The cooking equipment in our kitchens has been evolving since it was first invented. This equipment aids us in cooking by simplifying the steps when preparing dishes and shortening cooking time. There is a lot of cooking equipment available on the market, depending on the dish you want to prepare or on the cooking method you prefer. Cooking equipment also varies per region, depending on the ingredients of the cuisine being cooked. While it is easy to recognize one piece of cooking equipment over the other based on their physical appearances, their names can sometimes create confusion for kitchen newbies. Rice cookers and pressure cookers are two kitchen appliances that may look different, but sound very similar. In this article, we will learn the difference between rice cookers and pressure cookers.
Rice cookers, also known as rice steamers, are a type of kitchen equipment used to cook rice. They use the method of steaming to cook rice. Cups of rice are transferred into the inner pot of the rice cooker. Water is then added to the uncooked rice. When turned on, water is heated to its boiling point and turns into steam. The grains of rice then absorb the steam and get bigger and fuller until all the water is absorbed. All rice cookers have a cooking bowl, a heat source and a thermostat.
History and Modern Models
Rice cookers have been used since 1250 BC in China. In fact, an ancient rice cooker is on display in the British Museum. They were commercially introduced by Mitsubishi in 1945 in Japan. Nowadays, rice cookers have different capabilities, such as having settings for making congee, or even sticky rice. Some models are also designed to accommodate the steaming of buns, vegetables and dumplings.
A pressure cooker is a piece of kitchen equipment used to tenderize meat. Cooking is done in a tightly sealed pot, where air or liquid is contained at a predefined pressure level. When the water reaches the boiling point, the steam is trapped and causes the pressure to increase inside the chamber. The increased pressure works to cook the meat. All pressure cookers have an inner pot, heat source, and temperature and pressure sensors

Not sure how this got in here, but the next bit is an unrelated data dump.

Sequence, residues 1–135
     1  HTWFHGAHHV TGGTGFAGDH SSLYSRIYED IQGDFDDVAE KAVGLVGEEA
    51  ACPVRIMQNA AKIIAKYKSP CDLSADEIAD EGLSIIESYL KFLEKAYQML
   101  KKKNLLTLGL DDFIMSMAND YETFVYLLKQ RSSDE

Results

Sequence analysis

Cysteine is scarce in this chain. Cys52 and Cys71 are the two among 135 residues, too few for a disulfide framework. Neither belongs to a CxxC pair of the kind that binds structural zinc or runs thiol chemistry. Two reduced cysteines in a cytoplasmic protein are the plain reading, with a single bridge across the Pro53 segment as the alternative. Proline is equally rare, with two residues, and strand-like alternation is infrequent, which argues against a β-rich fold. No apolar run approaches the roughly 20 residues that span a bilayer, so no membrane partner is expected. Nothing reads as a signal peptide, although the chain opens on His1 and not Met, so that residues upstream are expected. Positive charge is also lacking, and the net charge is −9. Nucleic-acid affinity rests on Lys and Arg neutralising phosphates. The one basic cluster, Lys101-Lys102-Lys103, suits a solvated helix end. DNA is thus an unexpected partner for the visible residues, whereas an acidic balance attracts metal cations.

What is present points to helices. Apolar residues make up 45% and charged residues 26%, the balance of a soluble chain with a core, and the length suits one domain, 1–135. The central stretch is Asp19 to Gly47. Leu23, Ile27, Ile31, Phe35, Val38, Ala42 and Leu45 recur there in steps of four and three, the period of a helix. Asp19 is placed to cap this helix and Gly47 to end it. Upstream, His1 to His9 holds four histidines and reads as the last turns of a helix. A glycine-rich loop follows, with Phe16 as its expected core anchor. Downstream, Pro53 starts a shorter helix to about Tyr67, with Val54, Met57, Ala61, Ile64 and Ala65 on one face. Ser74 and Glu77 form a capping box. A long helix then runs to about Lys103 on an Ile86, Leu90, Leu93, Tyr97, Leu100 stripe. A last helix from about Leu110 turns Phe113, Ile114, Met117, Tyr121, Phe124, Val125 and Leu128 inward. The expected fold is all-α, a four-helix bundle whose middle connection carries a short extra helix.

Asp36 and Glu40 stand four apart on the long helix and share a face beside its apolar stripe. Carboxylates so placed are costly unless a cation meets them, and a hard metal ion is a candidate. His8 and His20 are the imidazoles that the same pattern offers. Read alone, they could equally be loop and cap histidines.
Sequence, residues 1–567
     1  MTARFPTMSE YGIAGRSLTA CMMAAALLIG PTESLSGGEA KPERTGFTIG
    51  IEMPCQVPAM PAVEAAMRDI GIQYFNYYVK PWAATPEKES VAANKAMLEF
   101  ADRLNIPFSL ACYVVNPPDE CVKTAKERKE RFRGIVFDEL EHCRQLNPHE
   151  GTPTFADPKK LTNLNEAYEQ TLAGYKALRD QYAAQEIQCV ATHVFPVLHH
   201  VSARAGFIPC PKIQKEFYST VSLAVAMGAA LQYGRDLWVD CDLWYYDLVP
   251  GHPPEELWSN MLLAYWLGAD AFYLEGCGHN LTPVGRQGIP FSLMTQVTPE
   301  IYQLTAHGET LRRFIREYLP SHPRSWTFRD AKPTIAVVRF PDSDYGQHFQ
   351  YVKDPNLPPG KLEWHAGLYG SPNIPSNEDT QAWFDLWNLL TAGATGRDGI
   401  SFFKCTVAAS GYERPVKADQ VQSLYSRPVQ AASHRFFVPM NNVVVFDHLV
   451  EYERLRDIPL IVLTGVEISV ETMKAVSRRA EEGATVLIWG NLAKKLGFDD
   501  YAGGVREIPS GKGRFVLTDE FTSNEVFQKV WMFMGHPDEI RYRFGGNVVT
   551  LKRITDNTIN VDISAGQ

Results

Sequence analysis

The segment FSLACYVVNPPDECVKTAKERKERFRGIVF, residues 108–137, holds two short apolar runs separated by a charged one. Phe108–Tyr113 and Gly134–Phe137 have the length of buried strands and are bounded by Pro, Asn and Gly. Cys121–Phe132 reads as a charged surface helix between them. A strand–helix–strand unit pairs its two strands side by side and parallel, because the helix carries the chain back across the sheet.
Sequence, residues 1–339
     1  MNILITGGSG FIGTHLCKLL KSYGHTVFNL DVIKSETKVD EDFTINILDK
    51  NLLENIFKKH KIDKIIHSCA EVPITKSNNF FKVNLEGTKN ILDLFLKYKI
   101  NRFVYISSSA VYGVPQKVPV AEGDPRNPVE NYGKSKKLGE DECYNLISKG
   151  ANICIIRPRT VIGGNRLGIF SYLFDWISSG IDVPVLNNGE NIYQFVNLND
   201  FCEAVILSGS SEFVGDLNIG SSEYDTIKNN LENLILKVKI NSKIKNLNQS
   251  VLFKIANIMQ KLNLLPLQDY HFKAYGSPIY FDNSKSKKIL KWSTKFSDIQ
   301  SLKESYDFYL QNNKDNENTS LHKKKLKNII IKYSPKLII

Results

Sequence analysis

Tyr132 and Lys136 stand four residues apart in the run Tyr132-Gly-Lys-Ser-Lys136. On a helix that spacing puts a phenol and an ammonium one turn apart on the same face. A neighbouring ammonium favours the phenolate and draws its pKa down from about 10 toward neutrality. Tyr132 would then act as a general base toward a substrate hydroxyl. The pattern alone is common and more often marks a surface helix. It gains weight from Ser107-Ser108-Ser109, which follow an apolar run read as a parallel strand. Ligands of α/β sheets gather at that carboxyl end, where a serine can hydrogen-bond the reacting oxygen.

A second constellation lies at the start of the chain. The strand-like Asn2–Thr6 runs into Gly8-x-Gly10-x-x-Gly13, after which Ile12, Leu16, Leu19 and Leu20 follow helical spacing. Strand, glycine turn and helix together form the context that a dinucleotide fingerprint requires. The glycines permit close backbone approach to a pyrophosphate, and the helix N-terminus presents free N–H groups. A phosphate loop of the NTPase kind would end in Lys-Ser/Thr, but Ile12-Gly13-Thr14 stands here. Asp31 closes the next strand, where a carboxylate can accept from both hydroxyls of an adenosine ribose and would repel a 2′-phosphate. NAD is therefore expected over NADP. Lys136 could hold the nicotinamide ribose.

History and Modern Models
The pressure cooker was first invented by the French physicist Denis Papin in 1679, and was first manufactured in 1864 by George Gutbrod. Early models were made of tinned cast iron. However, the first one designed for home use was invented in 1938 in New York City. In modern times, some models can function as a slow cooker, steamer, yogurt maker and stock pot warmer.
While rice cookers and pressure cookers are both used in cooking, they have a lot of differences in terms of their methods of cooking, components, history, and what foods they are used to cook. Let us discuss those in this section:
Method of cooking
Rice cookers use the method of steaming to cook rice, while pressure cookers generate pressure from steam to tenderize meat.
Rice cookers consist of a cooking bowl, a heat source and a thermostat. On the other hand, a pressure cooker consists of an inner pot, heat source, and temperature and pressure sensors.
Rice cookers were used as early as 1250 BC in China, while the pressure cooker was first invented in 1679. The first commercial rice cooker was introduced in 1945 in Japan, while the pressure cooker was first commercialized in 1938 in the United States
Modern models of rice cookers can accommodate the steaming of buns, vegetables, and dumplings. Modern models of pressure cookers can function as slow cookers, steamers, yogurt makers and stock pot warmers.
Here is a chart briefly detailing some of the differences between rice cookers and pressure cookers.
|Rice Cooker||Pressure Cooker|
|Cooks rice||Tenderizes meat|
|Cooks using steam||Cooks using pressure|
|Used as early as 1250 BC in China||First invented in 1679|
|Consists of a cooking bowl, a heat source and a thermostat.||Consists of an inner pot, heat source, and temperature and pressure sensors.|
|Some models can now can accommodate the steaming of buns, vegetables, and dumplings.||Some models can now function as slow cookers, steamers, yogurt makers and stock pot warmers.|